In a New York Times investigation last year, one Google employee said the company received as many as 180 geofence requests in a week. Google wouldn't comment to Protocol on the number of requests it received. The Times' story focused on an Arizona man who was arrested for a murder he didn't commit after police obtained his location data from Google. It drew widespread attention to Google's SensorVault database, which holds location data from hundreds of millions of devices that have Google's location history setting turned on.
When Google receives such a warrant, it supplies law enforcement with anonymized information on devices in the area. Once law enforcement determines which devices it deems relevant, Google will supply more granular information like, say, the Gmail name associated with the device.
"We will only produce Location History data if served with a search warrant," Google spokesperson Aaron Stein said. "We have not complied — and have litigated against — reverse [location history] requests without a search warrant."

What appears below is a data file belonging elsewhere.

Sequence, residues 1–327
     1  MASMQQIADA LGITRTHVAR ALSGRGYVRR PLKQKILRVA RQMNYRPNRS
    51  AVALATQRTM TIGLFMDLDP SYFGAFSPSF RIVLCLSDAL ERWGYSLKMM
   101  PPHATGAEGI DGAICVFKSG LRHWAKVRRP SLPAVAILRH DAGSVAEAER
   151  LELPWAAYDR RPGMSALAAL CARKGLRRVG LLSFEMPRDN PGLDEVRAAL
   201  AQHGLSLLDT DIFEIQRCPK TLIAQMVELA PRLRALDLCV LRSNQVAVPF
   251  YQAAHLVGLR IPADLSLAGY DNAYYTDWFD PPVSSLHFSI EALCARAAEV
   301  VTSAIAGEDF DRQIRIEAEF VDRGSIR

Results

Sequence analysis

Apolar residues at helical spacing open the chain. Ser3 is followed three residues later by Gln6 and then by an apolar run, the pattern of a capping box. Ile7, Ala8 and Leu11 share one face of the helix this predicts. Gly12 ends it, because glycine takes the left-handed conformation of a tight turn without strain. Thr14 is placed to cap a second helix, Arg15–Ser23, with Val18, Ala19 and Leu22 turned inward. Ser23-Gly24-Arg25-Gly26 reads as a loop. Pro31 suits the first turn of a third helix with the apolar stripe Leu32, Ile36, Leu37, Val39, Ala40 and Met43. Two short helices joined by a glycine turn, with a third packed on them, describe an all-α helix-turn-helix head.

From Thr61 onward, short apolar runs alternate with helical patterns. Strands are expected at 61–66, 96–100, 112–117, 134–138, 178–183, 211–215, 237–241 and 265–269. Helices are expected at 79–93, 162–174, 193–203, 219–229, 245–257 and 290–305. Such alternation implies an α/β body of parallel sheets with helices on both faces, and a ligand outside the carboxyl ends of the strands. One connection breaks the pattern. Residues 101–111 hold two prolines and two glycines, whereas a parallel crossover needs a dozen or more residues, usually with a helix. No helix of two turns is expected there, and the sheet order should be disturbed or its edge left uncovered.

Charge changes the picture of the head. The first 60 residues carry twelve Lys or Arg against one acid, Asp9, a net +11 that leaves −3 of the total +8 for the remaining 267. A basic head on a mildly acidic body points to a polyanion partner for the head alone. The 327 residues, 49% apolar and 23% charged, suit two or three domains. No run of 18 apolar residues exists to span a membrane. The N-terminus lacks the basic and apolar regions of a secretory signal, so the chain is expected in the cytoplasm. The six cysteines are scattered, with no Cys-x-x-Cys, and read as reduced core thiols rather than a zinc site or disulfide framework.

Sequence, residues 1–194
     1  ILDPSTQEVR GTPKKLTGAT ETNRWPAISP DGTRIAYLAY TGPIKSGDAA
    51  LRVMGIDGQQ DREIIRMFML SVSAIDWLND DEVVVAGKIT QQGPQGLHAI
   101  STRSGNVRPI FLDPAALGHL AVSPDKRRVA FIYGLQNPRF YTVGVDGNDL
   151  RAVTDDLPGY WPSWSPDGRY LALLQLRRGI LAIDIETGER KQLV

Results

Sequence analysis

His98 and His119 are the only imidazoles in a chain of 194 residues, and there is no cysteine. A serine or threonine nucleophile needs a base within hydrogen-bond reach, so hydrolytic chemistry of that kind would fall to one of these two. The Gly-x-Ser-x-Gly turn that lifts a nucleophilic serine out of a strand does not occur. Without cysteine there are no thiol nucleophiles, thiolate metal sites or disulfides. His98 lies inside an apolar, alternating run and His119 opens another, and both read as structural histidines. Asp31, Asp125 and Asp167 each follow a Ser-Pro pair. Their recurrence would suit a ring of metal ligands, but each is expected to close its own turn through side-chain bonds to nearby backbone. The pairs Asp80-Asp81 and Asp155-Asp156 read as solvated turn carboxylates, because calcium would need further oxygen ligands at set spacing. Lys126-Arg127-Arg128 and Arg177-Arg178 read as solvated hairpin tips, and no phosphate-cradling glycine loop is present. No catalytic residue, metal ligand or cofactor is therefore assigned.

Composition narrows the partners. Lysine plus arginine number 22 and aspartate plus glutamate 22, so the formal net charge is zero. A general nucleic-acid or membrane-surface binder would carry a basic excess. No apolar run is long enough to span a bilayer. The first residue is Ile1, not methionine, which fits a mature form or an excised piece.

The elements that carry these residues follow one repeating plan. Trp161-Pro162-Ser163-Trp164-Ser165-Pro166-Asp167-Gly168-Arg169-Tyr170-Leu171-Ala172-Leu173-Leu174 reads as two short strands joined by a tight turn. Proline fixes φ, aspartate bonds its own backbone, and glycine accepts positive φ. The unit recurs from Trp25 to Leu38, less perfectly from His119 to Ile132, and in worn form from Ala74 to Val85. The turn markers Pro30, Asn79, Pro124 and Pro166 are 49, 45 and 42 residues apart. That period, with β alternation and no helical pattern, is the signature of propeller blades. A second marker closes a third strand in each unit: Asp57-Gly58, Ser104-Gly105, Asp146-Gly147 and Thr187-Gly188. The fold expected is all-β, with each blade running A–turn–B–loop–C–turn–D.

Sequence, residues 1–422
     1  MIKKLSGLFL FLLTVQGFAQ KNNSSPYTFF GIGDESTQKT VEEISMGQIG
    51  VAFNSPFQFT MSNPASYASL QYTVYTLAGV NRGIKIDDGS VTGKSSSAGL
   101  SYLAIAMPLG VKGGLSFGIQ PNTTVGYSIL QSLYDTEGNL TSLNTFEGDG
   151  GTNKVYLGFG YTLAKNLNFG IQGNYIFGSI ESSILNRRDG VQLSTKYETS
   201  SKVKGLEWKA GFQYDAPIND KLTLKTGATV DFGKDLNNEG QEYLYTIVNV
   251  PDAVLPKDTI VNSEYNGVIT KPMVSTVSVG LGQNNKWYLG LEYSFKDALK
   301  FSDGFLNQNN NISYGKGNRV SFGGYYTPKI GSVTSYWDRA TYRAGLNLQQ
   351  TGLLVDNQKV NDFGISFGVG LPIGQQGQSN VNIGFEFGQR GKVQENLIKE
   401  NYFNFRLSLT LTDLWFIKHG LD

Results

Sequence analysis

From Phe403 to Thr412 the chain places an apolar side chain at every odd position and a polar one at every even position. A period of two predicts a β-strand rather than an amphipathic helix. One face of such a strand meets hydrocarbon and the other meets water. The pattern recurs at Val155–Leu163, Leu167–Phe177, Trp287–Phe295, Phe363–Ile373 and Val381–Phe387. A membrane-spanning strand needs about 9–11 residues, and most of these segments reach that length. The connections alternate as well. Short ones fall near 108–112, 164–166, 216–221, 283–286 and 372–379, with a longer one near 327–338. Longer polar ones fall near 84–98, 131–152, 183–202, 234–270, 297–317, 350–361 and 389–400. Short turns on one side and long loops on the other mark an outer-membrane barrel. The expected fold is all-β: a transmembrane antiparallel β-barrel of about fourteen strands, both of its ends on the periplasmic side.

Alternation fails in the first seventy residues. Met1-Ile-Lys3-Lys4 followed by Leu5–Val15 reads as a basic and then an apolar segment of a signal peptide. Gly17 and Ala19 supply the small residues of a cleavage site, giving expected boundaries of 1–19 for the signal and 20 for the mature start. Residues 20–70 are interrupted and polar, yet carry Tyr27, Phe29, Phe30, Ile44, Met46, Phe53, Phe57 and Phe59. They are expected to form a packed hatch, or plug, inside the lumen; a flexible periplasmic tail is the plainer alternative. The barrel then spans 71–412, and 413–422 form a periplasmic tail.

Google's SensorVault system has attracted by far the most attention, including from Congress, but it's hardly the only company whose troves of location data police and government agents might like to mine. In at least one case in New York City, an investigator for the Manhattan district attorney testified that he sent location data requests to Uber, Lyft, Snapchat and Apple, too. In that case, the DA's office was seeking to identify four people allegedly associated with the far-left group Antifa who had clashed with members of the far-right group Proud Boys outside an event in October 2018.
According to the investigator, those requests weren't successful. But the fact that the Manhattan DA had undertaken such a search to try to identify protesters alarmed privacy advocates and lawmakers alike.
"It really makes a mockery of the Fourth Amendment," said Albert Fox Cahn, founder and executive director of the Surveillance Technology Oversight Project, which opposes police surveillance. "After seeing the scope of the abuse in that case and researching the practice more broadly, it was clear to us it was necessary to outlaw this type of search."
Cahn's organization began working with Quart, whose district includes the location of the Proud Boys incident. Along with the National Association of Criminal Defense Attorneys's Fourth Amendment Center and Myrie, they began drafting legislation.